In movies about saving the world (except for Don’t Look Up), science traditionally plays a pivotal role:
- There’s a threat to humanity with a lot of unknowns;
- The scientist characters progress from uncertainty to knowledge about the threat; and
- Their growing knowledge increases everyone’s ability to respond to and finally neutralize the threat. (Sometimes.)
That narrative arc is a cliche. But it’s also how most people understand the role of science at a time of crisis. That understanding makes the narrative extremely useful when trying to get those people to act on science, especially when the science is eroding uncertainties quickly.
To execute the narrative, though, scientists have to start by foregrounding what they’re uncertain about. John Barry, author of the book “The Great Influenza” (about the 1918 flu pandemic), calls this “an infrastructure of uncertainty” and argues it is the foundation of effective public health communication because it establishes from the outset that you are telling the truth. “Explain from the beginning what you don’t know,” Barry told Politico’s Joanne Kenen. “Create an infrastructure of what you don’t know…Some will believe you. Some won’t. But people over time remember that you told them the truth.”
I thought of Barry’s maxim as I read this New York Times’ story about CDC director Rochelle Walensky’s “steep learning curve on messaging” her policy decisions throughout the pandemic. The Times’ story is typical DC — an inexperienced and relatively unconnected agency director (Walensky) doesn’t build consensus, blindsides too many peers and, after becoming a political liability, now gets hung out to dry anonymously by those same peers.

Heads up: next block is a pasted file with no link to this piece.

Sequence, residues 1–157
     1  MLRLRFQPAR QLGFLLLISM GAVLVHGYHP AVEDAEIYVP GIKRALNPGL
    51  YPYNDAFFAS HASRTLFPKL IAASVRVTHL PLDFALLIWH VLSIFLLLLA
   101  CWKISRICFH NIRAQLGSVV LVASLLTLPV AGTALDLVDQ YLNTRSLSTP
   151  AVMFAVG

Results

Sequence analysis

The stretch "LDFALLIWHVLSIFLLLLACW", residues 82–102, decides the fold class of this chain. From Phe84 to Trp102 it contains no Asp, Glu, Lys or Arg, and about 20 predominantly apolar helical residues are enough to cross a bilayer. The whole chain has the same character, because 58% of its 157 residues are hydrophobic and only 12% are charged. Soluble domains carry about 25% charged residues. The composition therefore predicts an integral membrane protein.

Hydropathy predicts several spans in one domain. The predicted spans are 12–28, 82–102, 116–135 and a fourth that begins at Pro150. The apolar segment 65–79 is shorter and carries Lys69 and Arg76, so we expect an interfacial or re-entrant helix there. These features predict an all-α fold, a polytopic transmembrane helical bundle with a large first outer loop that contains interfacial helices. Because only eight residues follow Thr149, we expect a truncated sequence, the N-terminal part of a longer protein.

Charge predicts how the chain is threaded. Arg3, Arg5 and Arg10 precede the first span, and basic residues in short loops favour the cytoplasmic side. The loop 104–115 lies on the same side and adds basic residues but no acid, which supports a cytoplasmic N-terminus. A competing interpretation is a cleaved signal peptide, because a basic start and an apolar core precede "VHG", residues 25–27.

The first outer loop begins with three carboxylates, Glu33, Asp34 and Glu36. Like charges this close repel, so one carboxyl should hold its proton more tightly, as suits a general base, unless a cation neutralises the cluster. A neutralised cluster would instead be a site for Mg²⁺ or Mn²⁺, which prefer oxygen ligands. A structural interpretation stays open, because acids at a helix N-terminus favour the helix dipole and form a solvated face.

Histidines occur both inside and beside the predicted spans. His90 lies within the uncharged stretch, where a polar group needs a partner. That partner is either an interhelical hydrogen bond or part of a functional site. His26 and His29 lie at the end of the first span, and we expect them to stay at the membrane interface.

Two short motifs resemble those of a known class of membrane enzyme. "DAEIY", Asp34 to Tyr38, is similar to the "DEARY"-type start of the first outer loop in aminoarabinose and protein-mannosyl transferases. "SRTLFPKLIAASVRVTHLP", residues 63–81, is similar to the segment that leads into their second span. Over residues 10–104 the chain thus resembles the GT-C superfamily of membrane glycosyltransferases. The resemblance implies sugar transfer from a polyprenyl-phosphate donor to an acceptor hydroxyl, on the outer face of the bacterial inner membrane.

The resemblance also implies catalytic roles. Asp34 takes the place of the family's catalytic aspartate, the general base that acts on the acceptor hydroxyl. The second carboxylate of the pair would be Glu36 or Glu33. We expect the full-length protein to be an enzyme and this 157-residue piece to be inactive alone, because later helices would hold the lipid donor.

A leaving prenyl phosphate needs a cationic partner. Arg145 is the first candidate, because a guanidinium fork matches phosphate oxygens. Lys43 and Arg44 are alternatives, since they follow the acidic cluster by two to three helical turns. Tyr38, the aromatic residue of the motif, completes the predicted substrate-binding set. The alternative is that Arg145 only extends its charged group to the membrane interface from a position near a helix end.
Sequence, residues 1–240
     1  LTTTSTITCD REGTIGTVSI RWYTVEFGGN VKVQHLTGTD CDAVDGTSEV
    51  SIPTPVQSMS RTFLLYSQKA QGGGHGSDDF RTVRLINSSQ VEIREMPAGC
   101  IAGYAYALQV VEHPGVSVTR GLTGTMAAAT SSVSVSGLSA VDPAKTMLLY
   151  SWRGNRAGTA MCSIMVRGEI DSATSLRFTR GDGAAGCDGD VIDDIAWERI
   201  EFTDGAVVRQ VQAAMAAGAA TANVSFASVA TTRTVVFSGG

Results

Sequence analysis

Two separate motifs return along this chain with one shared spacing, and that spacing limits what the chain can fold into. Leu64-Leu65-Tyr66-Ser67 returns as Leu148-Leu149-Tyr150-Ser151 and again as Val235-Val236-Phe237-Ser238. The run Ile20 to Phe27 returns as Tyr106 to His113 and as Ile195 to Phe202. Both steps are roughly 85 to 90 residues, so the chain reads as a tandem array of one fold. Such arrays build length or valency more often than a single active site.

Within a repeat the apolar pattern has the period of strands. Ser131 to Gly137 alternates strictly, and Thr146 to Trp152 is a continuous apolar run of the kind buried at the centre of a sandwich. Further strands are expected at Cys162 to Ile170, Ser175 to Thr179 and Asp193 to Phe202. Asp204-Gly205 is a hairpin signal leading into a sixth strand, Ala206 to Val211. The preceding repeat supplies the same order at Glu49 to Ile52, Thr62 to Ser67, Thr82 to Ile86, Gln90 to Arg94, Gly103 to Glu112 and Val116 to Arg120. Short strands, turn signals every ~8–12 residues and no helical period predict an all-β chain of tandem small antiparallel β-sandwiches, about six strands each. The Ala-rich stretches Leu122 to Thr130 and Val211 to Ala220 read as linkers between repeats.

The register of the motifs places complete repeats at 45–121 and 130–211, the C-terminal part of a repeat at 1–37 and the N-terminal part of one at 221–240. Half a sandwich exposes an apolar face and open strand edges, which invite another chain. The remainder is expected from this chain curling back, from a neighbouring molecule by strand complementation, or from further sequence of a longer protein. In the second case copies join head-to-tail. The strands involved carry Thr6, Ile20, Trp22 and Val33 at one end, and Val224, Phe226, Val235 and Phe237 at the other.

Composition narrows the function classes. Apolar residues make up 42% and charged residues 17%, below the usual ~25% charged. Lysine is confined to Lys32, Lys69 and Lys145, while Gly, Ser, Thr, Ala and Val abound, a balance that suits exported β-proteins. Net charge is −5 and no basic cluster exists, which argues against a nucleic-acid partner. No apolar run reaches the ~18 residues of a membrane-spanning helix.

But the failure to “message the science” during the pandemic hasn’t been one of interagency alignment. It hasn’t even been one of messaging per se, if by “messaging” we’re to understand translating what the latest science says. The real story is the failure by public health in general to create an infrastructure of uncertainty, to set the overall narrative of scientifically moving from uncertainty to knowledge that a public suddenly finding itself living inside a horror movie could follow, root for and understand. Without that narrative, the CDC’s pronouncements don’t just seem arbitrary — they’re illegible.
Effective public expertise isn’t about discovering something new. It’s about removing something old — a crucial bit of uncertainty. And the plot requires you to have established that uncertainty early on, preferably in the opening scene.